I have finished putting apples away now and just have the remainder left to get juiced on Thursday. The picture is charcoal and wash of fruit nearly ready to store, I just wrap each good fruit in newspaper and put it in the shed which is cool( but not very cool yet on sunny days like today). The garden is full of jobs that need doing lots of things need rescuing from the cold before it does for them.
#147 a painting a day by Alison Warner on her lemon a day art blog
The body as thick, no thicker than my drawing pencil…shudder.
size 8 in x 6 in 20cm x 15cm watercolour on heavy weight rag paper
There are more than 700 apples on the database of the apple key so it is quite surprising when, after answering seven or eight questions on the apple in hand, one variety is chosen by the keying process.
If the apple has an unusual shape in some way( inside or out) it keys out quite fast. The difficulty in using a key is in deciding whether the feature in question fits one answer or another. The apple key I am using allows you to drop questions that are hard to decide and this allows the identification to be made on points that are unambiguous.
I think one of the trees in the orchard is Calville Blanc d’Hiver, it certainly is a cooker and unlike the old English types has very narrow cavities for the pips, it also keeps its shape cooked; I tried a few slices boiled and they remained whole.
Neatly it is one of the parents of Ellison’s Orange or at least a very close relative of that parent. The parent mentioned in Joan Morgan’s book is not listed in the National Collection. I have drawn a little family tree for three eating apples I have been thinking about and however English we think they are they are very very French in their breeding.
Life at the moment is overshadowed by Maths and Physics and a battle of wills raging over the kitchen table between DIY Dad and No1son. DIY exclaims that something is so very very obvious and No1 son groans like an unhappy cow. DIY Dad has to be avoided at this point or he will catch hold of me and start telling me about quadratic equations and the curves produced and the blinding simplicity of it all as if I can do it all in my head! It’s possible to burn any amount of food while trying to give sufficient attention to avoid insulting a man on a mission. I can still do quadratics but only if I have my head down over a piece of paper with NO DISTRACTIONS, therefore I can no longer do quadratics.
I have gone back to the charcoal pencil for this sketch of some of our tomatoes. The heating process (day 135) has been successful in that they did not all succumb to blight as they ripened, however I think it has also made them a little softer than they would have been otherwise. We had some losses still but below 10% and I am certain that without treatment we were heading for 60% or more losses. There are some lovely angles and shapes in the stalks and sepals.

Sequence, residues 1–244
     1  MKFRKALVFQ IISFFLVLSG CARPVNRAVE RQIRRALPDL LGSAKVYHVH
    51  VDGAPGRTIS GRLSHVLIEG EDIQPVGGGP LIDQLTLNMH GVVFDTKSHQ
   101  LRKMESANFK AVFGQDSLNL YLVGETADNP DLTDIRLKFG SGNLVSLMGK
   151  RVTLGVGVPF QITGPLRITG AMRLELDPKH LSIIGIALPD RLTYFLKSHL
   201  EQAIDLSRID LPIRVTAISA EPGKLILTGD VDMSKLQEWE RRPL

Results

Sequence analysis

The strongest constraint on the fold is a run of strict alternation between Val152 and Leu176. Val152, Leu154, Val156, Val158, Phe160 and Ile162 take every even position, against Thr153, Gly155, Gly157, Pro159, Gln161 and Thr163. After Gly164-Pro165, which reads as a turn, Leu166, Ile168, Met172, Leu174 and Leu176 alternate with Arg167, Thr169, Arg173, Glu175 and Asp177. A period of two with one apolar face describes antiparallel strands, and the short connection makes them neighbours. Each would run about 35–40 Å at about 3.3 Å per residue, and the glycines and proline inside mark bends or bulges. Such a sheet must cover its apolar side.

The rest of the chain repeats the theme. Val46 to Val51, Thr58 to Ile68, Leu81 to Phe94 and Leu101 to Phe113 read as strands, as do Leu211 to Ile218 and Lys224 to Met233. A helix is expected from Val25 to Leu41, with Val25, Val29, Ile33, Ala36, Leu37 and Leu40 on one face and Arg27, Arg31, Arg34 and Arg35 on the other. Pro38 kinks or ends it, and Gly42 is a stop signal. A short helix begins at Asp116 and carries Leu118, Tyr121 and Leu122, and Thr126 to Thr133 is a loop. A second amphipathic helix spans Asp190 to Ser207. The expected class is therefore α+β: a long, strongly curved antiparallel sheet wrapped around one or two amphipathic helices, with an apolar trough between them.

#141 a painting a day by Alison Warner on her lemon a day art blog
size 6 in x 4.5 in 15cm x 12cm watercolour on heavy weight rag paper
A Good Crop of Cookers
This is a very rushed post. There has been too much to do today. I decided to tackle the honey fungus , buy a sack of potatoes , locate a plasterer, and find somewhere to juice apples closer to here than the place I’ve used before.
Once I had got hold of the cleaning fluid that has a second use as a fungus protector, I dug up all the three tufts of honey fungus. I then poured solution into the holes and then poured it over the bases of all the apple trees roses and shrubs in the area. It smells just like Jeyes Fluid, which always reminds me of the toilet arrangements at Guide camp. Apparently this can cause it to fruit more because its underground ‘bootlaces’ are knocked back , however the article goes on to say the spores can only infect dead wood. (Whereas the rhizomorphs or bootlaces can infect happy flowering plants and treees that I really want to keep) Then I decided to remove lots of stuff that was getting too big to let me check that there were no more signs of the lurgy hidden beneath. I ended up with a pile of cut stuff the size of a sleeping pair of hippos.
Opened my blog today and found someone from Australia selling cures for nail fungus attempting to post without saying anything about the subjects on the blog, are they a huge fan of watercolour or are they just trying to sell me a cure for my cured nails? I keep my nails sweet with neat tea tree oil and metallic green nail varnish. I must have put toenails in as a tag at some point and that had lured them or some automatic post generator to my site. Either that or they can smell my feet from Australia! Or they think honey fungus is a toe disease and not a pathogen of woody plants.